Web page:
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When Soundgarden released Superunknown in 1994 it catapulted them to unbelievable stardom. Despite being the first grunge band to sign to a major label in the late 80s, it was only now that they started receiving mainstream success. Black Hole Sun and Spoonman were on commercial rotation, earning them a couple of Grammys. Girls everywhere were falling in love with Chris Cornell’s dreamy eyes. I had a poster of Kim Thayil playing guitar on my bedroom wall.
But for a band who had their roots steeped in the sounds of Zeppelin and Sabbath, and who preferred to reject the “grunge” label, this brand of alternative rock, which was becoming more mainstream, proved to be too much for them. With it, the edges of the Seattle scene started to crumble. That same year Kurt Cobain died, Britpop started emerging, and by the late 90s Soundgarden released their final album and called it quits.
Fast-forward to 2010 and the band have reformed. So the question is, will these aging rockers (all now in their 50s) still be able to put on an energetic performance? And more importantly, will they be playing their old hits?
Opening with the dark and gothic Incessant Mace from their very early album, it’s essentially a warm up of what’s to come. By their second song, Hunted Down, off their first EP, a visual of a burning forest pops up behind them and Thayil’s guitar looks like it’s shooting flames as Cornell channels a commanding devil as he bellows, “They run to hunt you down.”
When Cornell addresses the crowd he assures us they’ll be playing a bunch of old and new stuff, and before we know it he starts repeating, “Jesus loves me,” before launching into the mad shredding of Jesus Christ Pose, followed in quick succession by Spoonman.
It’s a broad one-two to smooth the transition into a rare treat. Kyle Petty, Son Of Richard, a B-side from Superunknown single Fell On Black Days, receives its first-ever live airing, blanking the Johnny-come-latelys and enrapturing the hardcore acolytes.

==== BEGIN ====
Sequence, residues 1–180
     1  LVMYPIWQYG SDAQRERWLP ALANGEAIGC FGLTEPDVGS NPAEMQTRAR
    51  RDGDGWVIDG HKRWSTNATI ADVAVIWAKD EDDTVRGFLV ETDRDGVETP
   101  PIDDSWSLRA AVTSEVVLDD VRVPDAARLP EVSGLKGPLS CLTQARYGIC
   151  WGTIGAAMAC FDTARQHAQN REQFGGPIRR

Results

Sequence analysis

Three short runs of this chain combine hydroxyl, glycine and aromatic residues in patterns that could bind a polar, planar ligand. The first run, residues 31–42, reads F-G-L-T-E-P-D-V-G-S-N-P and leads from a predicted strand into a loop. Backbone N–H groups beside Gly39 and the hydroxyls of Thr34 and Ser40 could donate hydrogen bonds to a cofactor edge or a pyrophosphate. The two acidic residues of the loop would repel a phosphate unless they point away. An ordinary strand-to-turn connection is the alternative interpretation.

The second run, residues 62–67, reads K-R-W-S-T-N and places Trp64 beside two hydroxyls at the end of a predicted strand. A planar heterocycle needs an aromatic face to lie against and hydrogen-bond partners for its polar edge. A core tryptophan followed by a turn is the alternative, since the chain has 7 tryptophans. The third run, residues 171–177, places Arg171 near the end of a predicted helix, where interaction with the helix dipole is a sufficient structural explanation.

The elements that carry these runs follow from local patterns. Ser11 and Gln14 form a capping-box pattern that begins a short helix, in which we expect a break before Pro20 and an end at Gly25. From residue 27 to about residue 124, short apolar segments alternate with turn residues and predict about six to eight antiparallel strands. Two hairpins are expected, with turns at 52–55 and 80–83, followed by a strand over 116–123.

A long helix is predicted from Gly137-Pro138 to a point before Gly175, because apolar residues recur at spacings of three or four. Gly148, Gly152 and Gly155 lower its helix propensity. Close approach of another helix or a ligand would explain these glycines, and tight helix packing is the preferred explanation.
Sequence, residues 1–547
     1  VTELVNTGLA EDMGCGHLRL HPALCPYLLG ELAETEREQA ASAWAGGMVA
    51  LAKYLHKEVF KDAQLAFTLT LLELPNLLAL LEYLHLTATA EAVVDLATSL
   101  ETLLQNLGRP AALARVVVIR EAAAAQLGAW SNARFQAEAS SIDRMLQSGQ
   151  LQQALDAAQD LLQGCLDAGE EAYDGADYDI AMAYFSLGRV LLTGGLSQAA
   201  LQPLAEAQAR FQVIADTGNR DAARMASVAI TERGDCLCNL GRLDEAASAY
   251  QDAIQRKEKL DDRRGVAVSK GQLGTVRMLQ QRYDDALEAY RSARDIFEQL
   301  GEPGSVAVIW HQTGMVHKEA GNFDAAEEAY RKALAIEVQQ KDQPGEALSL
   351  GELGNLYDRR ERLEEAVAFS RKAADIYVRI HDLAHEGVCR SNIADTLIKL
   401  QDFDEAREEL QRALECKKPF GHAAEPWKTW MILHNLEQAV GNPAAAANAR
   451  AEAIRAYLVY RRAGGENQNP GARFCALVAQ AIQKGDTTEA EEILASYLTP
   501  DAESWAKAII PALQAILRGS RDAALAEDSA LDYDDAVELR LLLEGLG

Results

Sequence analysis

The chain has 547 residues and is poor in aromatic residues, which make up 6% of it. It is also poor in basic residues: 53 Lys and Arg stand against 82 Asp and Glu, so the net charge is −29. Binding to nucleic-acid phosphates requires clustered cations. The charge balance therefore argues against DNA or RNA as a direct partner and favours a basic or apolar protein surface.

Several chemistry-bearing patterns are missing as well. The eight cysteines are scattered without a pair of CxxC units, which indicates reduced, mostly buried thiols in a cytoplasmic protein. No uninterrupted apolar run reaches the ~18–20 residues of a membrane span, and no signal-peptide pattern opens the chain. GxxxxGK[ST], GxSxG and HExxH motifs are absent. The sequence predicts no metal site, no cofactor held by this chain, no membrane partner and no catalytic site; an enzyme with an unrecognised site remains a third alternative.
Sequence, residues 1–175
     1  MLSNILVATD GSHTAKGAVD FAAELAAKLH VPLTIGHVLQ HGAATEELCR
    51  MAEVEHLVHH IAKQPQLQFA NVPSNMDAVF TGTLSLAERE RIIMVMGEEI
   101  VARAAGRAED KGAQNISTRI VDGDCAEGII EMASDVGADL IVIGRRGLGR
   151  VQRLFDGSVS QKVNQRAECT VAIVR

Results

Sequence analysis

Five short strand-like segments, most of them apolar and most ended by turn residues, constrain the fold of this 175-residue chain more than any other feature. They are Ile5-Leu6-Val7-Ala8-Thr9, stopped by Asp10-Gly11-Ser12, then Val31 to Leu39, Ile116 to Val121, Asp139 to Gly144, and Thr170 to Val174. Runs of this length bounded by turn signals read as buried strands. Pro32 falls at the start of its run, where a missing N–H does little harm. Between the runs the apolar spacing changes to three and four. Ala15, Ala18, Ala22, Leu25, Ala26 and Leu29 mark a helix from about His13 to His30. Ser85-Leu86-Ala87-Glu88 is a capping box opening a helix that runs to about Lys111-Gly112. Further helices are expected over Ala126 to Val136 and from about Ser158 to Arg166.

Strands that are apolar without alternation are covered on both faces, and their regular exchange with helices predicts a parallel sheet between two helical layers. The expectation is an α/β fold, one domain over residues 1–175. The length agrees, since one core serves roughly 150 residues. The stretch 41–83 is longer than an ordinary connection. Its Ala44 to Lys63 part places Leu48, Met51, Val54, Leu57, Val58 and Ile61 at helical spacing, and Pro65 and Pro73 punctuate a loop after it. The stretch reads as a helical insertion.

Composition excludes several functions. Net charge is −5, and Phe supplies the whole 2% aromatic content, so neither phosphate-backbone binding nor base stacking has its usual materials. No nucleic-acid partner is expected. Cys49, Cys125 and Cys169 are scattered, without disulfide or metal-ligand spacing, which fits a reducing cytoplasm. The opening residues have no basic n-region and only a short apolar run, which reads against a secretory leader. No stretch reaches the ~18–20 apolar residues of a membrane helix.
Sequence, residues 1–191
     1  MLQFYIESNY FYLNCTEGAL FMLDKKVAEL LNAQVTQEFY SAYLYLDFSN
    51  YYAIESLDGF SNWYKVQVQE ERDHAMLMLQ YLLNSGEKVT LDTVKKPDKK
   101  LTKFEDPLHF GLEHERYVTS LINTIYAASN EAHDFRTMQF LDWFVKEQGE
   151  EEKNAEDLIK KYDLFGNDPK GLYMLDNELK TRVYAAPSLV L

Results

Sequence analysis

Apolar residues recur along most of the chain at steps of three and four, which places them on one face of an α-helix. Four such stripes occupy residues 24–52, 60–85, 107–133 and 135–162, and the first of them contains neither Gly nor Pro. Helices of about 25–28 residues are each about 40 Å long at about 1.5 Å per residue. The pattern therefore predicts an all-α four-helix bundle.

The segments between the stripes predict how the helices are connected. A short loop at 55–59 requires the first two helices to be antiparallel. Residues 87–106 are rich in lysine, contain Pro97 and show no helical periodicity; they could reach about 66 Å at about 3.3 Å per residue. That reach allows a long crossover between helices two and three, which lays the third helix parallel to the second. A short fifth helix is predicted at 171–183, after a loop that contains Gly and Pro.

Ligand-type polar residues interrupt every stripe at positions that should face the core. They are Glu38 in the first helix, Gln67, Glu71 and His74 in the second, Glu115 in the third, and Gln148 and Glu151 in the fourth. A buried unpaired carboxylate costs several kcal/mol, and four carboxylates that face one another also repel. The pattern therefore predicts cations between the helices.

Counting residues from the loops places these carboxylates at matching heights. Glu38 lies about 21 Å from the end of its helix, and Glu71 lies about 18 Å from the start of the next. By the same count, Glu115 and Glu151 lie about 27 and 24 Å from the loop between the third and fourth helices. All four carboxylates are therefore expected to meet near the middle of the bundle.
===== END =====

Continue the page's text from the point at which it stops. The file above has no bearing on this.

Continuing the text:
From then on the energy really picks up and Cornell’s “pipes of God” – as lovingly described by comedian Marc Maron – are in full force. During A Thousand Days Before off their latest album King Animal, he enters into a call and response screaming match with the audience, ending in a long wail as he falls to the floor. And in one continuous shriek he belts through Beyond the Wheel in a style worthy of any 80s rock opera.
Eventually, the strain on Cornell’s voice is evident and after a satisfying stream of hits – The Day I Tried to Live, My Wave, Fell on Black Days, Black Hole Sun – you sense the croakiness in his voice. But it’s not long before he redeems himself with Burden in My Hand.
With songs spanning their entire catalogue, Cornell reminds the crowd of the journey, the hype, and the hustle the band has been through. After performing Flower, the first song off their debut LP, Cornell reminisces on their satisfaction when the band were signed to SST Records, the legendary label featuring bands like Black Flag and Husker Du. “Unfortunately that was brief but it was a great moment,” laments Cornell (Soundgarden signed to a total of six labels throughout their career).
Now, with the release of King Animal, they “don’t care about the record labels anymore”. Sticking it to the record industry, and supposedly all the label corporates they encountered, he says, “None of them have any jobs anymore, and I’m happy about that”.
The Telephantasm (Intro)
Jesus Christ Pose
Kyle Petty, Son of Richard (Live premiere)
A Thousand Days Before
Beyond the Wheel
Been Away Too Long
The Day I Tried to Live
Fell on Black Days
Black Hole Sun
Burden in My Hand
Slaves & Bulldozers